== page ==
HomeReviews3.5/5 ReviewRaptor Boyfriend: A High School Romance Review

Raptor Boyfriend: A High School Romance Review

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The next time I’m asked what I do with my free time, I’m going to load up the Xbox Store, and say this, this is what I do: I review games like Raptor Boyfriend: A High School Romance. I’ll look them dead in the eyes. And that’s when it will happen. Two other raptors will come from the side and gut them. Clever girl. 

Sorry, that image got away from us. But still, the point stands: this isn’t a game we’d proudly show to display our interests – it’s a visual novel where we get to woo not only a velociraptor, but a rad velociraptor from the ‘90s. His name is Brandon, and he likes to skateboard and prank people, like Denver the Last Dinosaur (deep cut, ‘90s kids). Not only that, but we can choose someone else as our partner, if we want. We can choose to flirt with a bigfoot, ghost or fairy instead. 

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It’s a lot to process. It’s only going to go one of two ways, right? It’s either going to be twee and quirky, or aimed squarely at fetishists who, well, like making eyes at dinosaurs. But, the thing is – and we’ve been doing a lot of this recently – we have judged this book by its cover. We failed to spot a third path. Raptor Boyfriend: A High School Romance approaches its high-school storytelling earnestly and innocently, as a rite-of-passage visual novel. Think Life is Strange, chopped up into a visual novel format and with the odd dinosaur, and you’re there. It is neither twee nor weirdly sexualised. 

Instead, this is the story of Stella, a girl (human, no scales) who has recently moved into the town where she used to go to holiday camp when she was younger. That detail’s important, as she has an old friend here: a camp friend who she stopped writing letters to, and is forced to confront. This is the bigfoot, Taylor, and he has been carrying a crush for Stella, which just adds to the awkwardness. But before you get to meet Taylor, you get pranked by the local jock and terrible lizard, Brandon, and cross paths with a bookish but antisocial fairy called Day.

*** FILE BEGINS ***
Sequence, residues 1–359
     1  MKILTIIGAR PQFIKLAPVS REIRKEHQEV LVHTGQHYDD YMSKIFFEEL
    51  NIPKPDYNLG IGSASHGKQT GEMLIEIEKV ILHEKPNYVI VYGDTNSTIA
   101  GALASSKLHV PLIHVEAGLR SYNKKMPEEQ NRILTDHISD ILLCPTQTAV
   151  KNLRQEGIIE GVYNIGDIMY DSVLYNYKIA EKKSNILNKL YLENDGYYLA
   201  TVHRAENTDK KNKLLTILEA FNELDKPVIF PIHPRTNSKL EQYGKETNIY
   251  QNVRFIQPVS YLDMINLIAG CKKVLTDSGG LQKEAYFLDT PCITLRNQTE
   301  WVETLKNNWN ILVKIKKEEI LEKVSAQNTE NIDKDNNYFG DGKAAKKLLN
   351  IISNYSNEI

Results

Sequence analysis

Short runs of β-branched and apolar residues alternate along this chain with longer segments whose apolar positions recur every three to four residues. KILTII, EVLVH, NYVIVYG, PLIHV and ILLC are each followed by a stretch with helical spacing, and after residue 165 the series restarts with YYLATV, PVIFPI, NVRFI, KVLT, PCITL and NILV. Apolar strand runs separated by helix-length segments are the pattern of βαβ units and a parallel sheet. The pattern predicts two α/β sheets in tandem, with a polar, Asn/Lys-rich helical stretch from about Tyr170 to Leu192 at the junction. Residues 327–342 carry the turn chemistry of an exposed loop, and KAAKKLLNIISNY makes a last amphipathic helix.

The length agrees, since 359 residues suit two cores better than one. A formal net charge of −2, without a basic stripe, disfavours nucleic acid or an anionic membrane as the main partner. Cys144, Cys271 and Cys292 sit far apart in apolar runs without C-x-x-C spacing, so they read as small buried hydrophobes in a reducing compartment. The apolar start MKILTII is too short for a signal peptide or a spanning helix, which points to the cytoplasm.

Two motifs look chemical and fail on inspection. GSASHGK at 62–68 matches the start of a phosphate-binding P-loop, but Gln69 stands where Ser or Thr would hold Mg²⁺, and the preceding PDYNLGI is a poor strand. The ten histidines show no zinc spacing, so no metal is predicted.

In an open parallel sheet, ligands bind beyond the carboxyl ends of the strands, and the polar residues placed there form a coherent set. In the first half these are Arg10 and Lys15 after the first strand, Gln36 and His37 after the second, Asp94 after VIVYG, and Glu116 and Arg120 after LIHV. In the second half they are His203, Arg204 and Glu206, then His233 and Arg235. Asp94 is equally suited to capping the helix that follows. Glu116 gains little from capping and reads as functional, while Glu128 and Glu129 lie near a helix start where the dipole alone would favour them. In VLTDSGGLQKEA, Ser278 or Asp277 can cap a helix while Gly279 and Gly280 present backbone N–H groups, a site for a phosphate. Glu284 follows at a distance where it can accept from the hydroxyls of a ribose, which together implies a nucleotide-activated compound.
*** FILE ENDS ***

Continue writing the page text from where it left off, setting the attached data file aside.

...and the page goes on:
These four individuals form your love-quadrilateral, a group of soon-to-be-friends with an ample amount of sexual tension. You are the catalyst for them all coming together, and soon you are collaborating on coursework, traveling to ‘The Lake’ for drunken trysts, and getting high at house parties. This is very much a traditional American high-school upbringing, but with added ‘cryptids’.

‘Cryptids’ is the neat catch-all term that Raptor Boyfriend: A High School Romance gives its ‘unusual folk’. Ladle, the town where this all takes place, is a beacon for the outcasts of society, and that includes antlered people, ghosts, bigfeet and all sorts of others. It’s a reasonably well-handled metaphor for ‘otherness’, as Ladle is a place where an individuals uniqueness and queerness is hand-waved. If you are looking for stories where being different is celebrated, then Raptor Boyfriend: A High School Romance is going to hit hard. 

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The novel takes place over seven chapters (Raptor Boyfriend: A High School Romance tried to convince us that these span seven ‘weeks’, but the timeline doesn’t feel right). Stella meets with the crew, builds camaraderie with them all, and ends the day back home, at a kind of hub where she can choose to make some small, defining choices. She can think about a particular person while sitting in a bay window (which helps the game to understand who you’re fancying right now), and then phone someone to trigger a conversation or a branching bit of gameplay.